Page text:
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Synoptic Gospels and the Gospel of John

Synoptic gospels refer to biblical doctrines which were documented as part of good news during the New Testament times. These gospels have several similarities (Perkins, p. 19). As such, there are myriad of common features which characterize them. These include content, style, paragraphs, chronology and timing of events. In a general, these are the first three books in the New Testament namely Mathew, Mark and Luke (Perkins, p. 19). Apparently, these books take a similar perspective in describing the gospel. It is factual that each of the three gospels has similar chronological record of events that took place during the New Testament times. However, evidence from researchers indicates that although language used in presenting these gospels is apparently identical, there have been significant divergences in terms of use of verbs (Perkins, p. 29). In addition, most of the contemporary scholars of the bible assert that the gospel of Mark is the most ancient. It is also likely that the gospel of Mark was used to compose the books of Mathew and Luke.

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Speculatively, the gospels present apostolic teachings and messages and major events that chronicled during the era of Jesus Christ (Perkins, p. 56). A such, many similarities have been identified regarding the theoretical interpretations of the ministry of Jesus. Moreover, the synoptic gospels describe the two epochs of Jesus’ life on earth (Perkins, p83). It is also substantial that these books unfold the birth, childhood days and extensive ministry of Christ up to the time of his death. Nonetheless, it is imperative to note that the synoptic gospels differ to some extent as stated by biblical scholars. For instance, after Jesus was crucified and buried, the book of Mathew states that there was earthquake and an angel appeared in the tomb announcing resurrection of Christ (Perkins, p. 69). The book of Luke states that there were two angels while that of mark does not clearly say whether the man was an angel.

Biblical scholars have also made comparison between the synoptic and John’s gospel. According to their findings, the two gospels are different. This can be attributed to the fact the synoptic gospels have an extensive similarity in language being used in writing them (Perkins, p. 28). Furthermore, they are compactable in the way the events appear chronologically concerning the life and ministry of Jesus Christ. Noticeably, the materials and content used rigidly resemble each other in the gospels. Evidently 90% of the gospel contained in Mark can be traced in Mathew. Similarly, 54% of the content in Mathew can be traced in the gospel of Luke (Perkins, p. 19).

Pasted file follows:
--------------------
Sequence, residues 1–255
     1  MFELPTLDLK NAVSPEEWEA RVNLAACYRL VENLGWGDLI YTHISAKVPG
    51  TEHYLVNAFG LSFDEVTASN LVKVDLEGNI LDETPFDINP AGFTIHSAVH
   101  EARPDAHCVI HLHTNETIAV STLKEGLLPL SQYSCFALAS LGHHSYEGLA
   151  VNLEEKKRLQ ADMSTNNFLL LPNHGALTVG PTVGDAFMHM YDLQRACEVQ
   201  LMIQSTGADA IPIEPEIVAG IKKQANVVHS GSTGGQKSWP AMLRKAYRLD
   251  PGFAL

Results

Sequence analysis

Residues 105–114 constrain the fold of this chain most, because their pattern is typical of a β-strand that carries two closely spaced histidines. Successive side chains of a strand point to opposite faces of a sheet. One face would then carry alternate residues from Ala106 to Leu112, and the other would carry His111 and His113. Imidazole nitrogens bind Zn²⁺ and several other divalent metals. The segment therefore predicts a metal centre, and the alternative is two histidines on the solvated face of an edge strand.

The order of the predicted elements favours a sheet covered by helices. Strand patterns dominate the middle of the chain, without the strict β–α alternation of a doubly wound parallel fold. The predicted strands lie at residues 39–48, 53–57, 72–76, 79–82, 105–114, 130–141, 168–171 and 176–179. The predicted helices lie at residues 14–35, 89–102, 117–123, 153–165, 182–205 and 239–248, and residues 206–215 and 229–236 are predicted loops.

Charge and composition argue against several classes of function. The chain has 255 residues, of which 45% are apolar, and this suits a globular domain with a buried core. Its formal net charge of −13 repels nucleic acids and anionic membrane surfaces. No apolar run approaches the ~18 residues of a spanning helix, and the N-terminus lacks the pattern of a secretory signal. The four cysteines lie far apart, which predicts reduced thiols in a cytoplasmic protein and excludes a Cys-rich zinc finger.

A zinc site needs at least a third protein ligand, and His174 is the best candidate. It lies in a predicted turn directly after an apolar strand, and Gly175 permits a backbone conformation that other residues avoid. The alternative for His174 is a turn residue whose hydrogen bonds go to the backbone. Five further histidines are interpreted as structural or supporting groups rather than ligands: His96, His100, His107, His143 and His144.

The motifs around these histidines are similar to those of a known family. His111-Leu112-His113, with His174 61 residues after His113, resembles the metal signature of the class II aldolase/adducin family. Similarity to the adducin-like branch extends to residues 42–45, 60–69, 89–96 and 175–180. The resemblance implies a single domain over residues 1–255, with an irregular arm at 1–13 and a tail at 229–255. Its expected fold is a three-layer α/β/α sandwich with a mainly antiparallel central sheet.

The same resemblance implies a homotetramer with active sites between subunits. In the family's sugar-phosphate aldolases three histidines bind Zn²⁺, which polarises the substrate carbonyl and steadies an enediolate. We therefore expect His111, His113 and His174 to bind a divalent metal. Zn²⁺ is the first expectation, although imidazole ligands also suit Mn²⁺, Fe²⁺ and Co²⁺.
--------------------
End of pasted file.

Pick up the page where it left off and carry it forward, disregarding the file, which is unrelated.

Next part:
Contrastingly, there is a significant difference in the theme contained in John and that in the synoptic gospel. Besides, the content is quite different and there is no chance for column to column parallelism between the synoptic and the gospel of John (Perkins, p. 169). In fact, only 9% of the gospel of John resembles that of synoptic gospels (Perkins, p. 12). Moreover, the style and order of events in both gospels does not rhyme. For instance, the gospel of John puts more emphasize on the Christian traditional way of life as opposed to the synoptic gospels that lay more emphasis on Jesus ministry (Perkins, p. 125). As an evidence to support this fact, the Gospel of John commences by describing creation of the world while the synoptic gospels talk of the baptism of John the Baptist. It is also imperative to note that even the authors of the two gospels are different since the synoptic books were authored by apostles Mathew, Mark and Luke (Perkins, p. 27). On the other hand, the gospel of John was authored by Apostle John. The style of the synoptic gospels use parables and the main theme is about the kingdom of God. Vividly, there is no use of parables in john’s gospel (Perkins, p. 41). In this case, the differences pose a huge challenge on what can historically be considered to be accurate. Nevertheless, the only similarity between the synoptic and John’s gospel is that a small proportion of information has been borrowed from the former regarding the early life and ministry of Jesus Christ (Perkins, p. 169).

Works Cited

Perkins, Pheme. Introduction to the Synoptic Gospels. Cambridge: Eerdmans Publishing Inc., 2009. Print.

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StudyCorgi. (2021, December 22). Synoptic Gospels and the Gospel of John. Retrieved from https://studycorgi.com/synoptic-gospels-and-the-gospel-of-john/

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StudyCorgi. (2021, December 22). Synoptic Gospels and the Gospel of John. https://studycorgi.com/synoptic-gospels-and-the-gospel-of-john/

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"Synoptic Gospels and the Gospel of John." StudyCorgi, 22 Dec. 2021, studycorgi.com/synoptic-gospels-and-the-gospel-of-john/.

1. StudyCorgi. "Synoptic Gospels and the Gospel of John." December 22, 2021. https://studycorgi.com/synoptic-gospels-and-the-gospel-of-john/.


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StudyCorgi. "Synoptic Gospels and the Gospel of John." December 22, 2021. https://studycorgi.com/synoptic-gospels-and-the-gospel-of-john/.

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StudyCorgi. 2021. "Synoptic Gospels and the Gospel of John." December 22, 2021. https://studycorgi.com/synoptic-gospels-and-the-gospel-of-john/.

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StudyCorgi. (2021) 'Synoptic Gospels and the Gospel of John'. 22 December.

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